“ot a ste?”
I moved my feet, “not a step.”
I always wondered, if the top step on a ladder isn’t a step, why do they put a step there?
Major limbs are now off the tree. It looks kind of lopsided, but there’s enough space between branches and the feeders. Now the squirrels are peering over the edge of the house roof, sizing up an attack from that side. Cutting off pieces of soffit is probably out of the question. I’ll have to buy some new feeders.
Squirrels getting into feeders has spawned an arms race to build better squirrel-proof feeders. There’s even books out about it, like one called “Outwitting Squirrels.”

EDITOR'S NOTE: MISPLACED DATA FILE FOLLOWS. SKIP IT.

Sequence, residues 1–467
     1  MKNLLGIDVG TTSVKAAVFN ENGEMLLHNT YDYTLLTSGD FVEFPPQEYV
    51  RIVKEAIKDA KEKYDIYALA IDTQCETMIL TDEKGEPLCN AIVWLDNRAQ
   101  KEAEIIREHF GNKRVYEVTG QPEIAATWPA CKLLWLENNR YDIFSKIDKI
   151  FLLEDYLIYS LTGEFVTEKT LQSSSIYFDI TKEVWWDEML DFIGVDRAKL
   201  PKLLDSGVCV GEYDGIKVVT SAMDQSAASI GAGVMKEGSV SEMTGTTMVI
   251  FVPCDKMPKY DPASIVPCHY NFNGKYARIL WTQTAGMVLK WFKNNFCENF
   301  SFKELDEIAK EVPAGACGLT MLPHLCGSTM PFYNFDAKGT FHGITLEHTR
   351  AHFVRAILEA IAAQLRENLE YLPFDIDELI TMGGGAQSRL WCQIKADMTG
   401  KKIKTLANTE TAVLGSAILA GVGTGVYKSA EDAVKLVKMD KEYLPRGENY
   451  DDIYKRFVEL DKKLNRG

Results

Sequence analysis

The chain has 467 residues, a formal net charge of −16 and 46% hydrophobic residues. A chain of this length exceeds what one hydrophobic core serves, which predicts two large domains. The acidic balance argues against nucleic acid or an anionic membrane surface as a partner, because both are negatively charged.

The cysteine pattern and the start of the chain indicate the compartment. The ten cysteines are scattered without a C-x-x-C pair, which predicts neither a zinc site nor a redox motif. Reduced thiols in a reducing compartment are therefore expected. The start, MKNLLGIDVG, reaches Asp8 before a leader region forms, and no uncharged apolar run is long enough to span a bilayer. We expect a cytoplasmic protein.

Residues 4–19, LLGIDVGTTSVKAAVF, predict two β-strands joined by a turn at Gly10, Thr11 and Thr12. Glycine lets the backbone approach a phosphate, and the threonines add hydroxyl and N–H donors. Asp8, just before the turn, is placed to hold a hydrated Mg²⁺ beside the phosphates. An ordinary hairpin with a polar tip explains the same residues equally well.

It usually takes a squirrel about an afternoon to figure a way past a squirrel-proof feeder. And soon they all know. The information must be passed around on some kind of squirrel network.
My favorite squirrel-proof bird feeder on the market might be the Squirrel-Off, a $160 solar-powered feeder that provides a shock to squirrels.
The Humane Society doesn’t like bird feeders that shock squirrels.
But it would sure add a lot of fun to bird watching.
Tim Krohn is a Free Press staff writer. He can be contacted at 344-6383 or email@example.com.